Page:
I talked about this with a friend who also is a fan, and we came up with this idea: that the Silmarils stand the lost innocence. They are something positive and good, which keep beauty and blessings that are in the past and cannot live in the present again. They don’t want to control people, yet, people crave for them and want to get them, even if keeping them is very hard. They are easy to lose, and it seems nobody is going to keep them forever.
Fëanor and his sons doomed the entirety of their people with their Oath to retrieve the Silmarils from Morgoth. Indeed nothing they did in connection with that Oath ever ended in anything positive.
When they finally disappeared from the world, and nobody could ever get them anymore, a new Age was born.
This is how I understand them. And it would be a very complex metaphor, far more complex than the One Ring, in my opinion.

What do you think? What are the Silmarils for you?

THE SILMARILLION

Ainulindalë

Valaquenta

Chapter One 
Of the Beginning of Days

Chapter Two
Of Aulë and Yavanna

Chapter Three
Of the Coming of the Elves and the Captivity of Melkor

Chapter Four
Of Thingol and Melian

Chapter Five
Of Eldamar and the Princes of the Eldalië

Chapter Six
Of Fëanor and the Unchaining of Melkor

Chapter Seven
Of the Silmarils and the Unrest of the Noldor

Chapter Eight
Of the Darkening of Valinor

Chapter Nine
Of the Flight of the Noldor

Chapter Ten
Of the Sindar

Chapter Eleven
Of the Sun and Moon and the Hiding of Valinor

Chapter Twelve
Of Men

Chapter Thirteen
Of the Return of the Noldor

Chapter Fourteen
Of Beleriand and its Realms

Chapter Fifteen
Of the Noldor in Beleriand

Chapter Sixteen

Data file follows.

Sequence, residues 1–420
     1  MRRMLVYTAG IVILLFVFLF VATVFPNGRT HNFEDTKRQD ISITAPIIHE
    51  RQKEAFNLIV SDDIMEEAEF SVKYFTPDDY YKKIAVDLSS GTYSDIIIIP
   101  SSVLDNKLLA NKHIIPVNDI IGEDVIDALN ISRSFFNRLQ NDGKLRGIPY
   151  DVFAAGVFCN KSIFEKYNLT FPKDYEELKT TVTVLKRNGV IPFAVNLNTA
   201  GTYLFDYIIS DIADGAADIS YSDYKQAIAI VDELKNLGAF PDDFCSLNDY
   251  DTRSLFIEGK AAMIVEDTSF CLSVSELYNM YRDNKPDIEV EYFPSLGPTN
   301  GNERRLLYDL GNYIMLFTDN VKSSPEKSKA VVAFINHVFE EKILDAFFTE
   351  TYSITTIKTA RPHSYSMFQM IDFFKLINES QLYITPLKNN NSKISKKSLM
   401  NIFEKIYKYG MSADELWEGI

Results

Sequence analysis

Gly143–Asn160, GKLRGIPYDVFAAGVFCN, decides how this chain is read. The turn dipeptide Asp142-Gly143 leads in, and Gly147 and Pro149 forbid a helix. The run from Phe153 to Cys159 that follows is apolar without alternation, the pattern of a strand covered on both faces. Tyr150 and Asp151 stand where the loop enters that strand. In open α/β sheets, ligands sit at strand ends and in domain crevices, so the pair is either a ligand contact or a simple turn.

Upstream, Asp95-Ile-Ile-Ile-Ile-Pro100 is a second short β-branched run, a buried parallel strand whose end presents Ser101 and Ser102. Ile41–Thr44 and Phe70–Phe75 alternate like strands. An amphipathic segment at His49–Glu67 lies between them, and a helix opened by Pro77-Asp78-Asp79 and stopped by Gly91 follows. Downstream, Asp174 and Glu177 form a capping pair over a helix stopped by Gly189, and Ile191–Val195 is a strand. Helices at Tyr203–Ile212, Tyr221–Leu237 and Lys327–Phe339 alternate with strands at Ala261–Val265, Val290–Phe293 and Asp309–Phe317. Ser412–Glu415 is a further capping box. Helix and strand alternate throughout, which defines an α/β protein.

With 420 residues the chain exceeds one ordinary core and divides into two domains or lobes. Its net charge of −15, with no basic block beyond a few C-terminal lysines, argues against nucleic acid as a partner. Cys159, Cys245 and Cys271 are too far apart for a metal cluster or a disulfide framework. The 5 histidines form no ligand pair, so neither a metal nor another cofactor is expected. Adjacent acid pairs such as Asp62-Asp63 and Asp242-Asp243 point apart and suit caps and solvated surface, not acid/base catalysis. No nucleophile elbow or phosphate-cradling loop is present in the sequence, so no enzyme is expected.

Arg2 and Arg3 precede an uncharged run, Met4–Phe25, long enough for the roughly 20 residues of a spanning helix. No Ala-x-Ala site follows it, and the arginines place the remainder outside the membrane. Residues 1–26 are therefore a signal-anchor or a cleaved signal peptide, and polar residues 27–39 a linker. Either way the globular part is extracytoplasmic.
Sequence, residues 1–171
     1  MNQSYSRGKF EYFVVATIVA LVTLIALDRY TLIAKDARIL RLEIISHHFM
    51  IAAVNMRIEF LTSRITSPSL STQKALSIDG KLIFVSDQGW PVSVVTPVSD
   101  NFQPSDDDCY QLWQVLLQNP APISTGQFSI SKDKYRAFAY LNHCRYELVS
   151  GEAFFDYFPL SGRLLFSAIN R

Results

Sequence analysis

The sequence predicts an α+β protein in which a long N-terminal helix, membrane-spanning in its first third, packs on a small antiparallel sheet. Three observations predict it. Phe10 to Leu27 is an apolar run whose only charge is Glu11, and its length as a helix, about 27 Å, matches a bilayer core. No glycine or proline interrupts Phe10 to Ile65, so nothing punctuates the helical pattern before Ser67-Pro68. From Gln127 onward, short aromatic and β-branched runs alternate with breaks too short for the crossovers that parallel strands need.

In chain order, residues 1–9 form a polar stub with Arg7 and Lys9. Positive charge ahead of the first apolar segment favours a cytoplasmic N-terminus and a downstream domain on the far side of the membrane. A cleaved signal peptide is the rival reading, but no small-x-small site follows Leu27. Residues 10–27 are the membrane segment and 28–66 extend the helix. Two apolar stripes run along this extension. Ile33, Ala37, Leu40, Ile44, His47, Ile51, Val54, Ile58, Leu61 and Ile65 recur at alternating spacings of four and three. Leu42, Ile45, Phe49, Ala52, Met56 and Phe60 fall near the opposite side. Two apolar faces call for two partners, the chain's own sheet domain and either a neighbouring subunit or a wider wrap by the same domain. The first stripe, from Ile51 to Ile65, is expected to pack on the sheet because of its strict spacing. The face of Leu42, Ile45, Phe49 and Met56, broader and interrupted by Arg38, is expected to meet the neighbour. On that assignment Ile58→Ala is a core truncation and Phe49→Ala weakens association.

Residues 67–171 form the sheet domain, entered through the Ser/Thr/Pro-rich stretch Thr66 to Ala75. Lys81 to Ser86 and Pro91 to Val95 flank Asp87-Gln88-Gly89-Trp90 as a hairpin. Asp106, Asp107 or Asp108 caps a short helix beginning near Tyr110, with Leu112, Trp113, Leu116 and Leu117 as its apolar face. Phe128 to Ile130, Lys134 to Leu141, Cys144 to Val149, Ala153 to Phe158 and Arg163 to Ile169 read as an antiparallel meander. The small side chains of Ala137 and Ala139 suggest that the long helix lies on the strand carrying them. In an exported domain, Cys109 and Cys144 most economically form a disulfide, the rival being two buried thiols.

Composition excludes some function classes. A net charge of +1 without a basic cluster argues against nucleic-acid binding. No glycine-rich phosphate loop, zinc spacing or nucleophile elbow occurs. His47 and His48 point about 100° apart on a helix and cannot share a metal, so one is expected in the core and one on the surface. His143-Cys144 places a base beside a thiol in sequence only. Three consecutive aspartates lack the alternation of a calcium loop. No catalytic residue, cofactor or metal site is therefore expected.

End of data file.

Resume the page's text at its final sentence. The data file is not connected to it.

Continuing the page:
Of Maeglin

Chapter Seventeen
Of the Coming of Men into the West

Chapter Eighteen
Of the Ruin of Beleriand and the Fall of Fingolfin

Chapter Eighteen
Of the Ruin of Beleriand and the Fall of Fingolfin

Chapter Nineteen
Of Beren and Lúthien

Chapter Twenty
Of the Fifth Battle Nirnaeth Arnoediad

Chapter Twenty-One
Of Túrin Turambar

Chapter Twenty-Two
Of the Ruin of Doriath

Chapter Twenty-Three
Of Tuor and the Fall of Gondolin

Chapter Twenty-Three
Of Tuor and the Fall of Gondolin

Chapter Twenty-Four
Of the Voyage of Eärendil and the War of Wrath

Akallabêth

Of the Rings of Power and the Third Age



READ MY ARTICLES ABOUT TOLKIEN ON MY MEDIUM PUBLICATION


DISCLAIMER:  Of course, none of these images belongs to me. I’ve only collected them in order to share my feelings about the story, but every image belongs to its own creator. The great many of them come from Peter Jackson’s film trilogy, but classic works of the most famous Tolkien’s illustrators (I’ll just mention Alan Lee and John Howe as an example, but there are others) also appear, together with illustrations created by less known Tolkien enthusiasts.

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In post is part of the Thursday Quotables meme. If you want to discover more about this meme and maybe take part in it, head over to Bookshelf Fantasies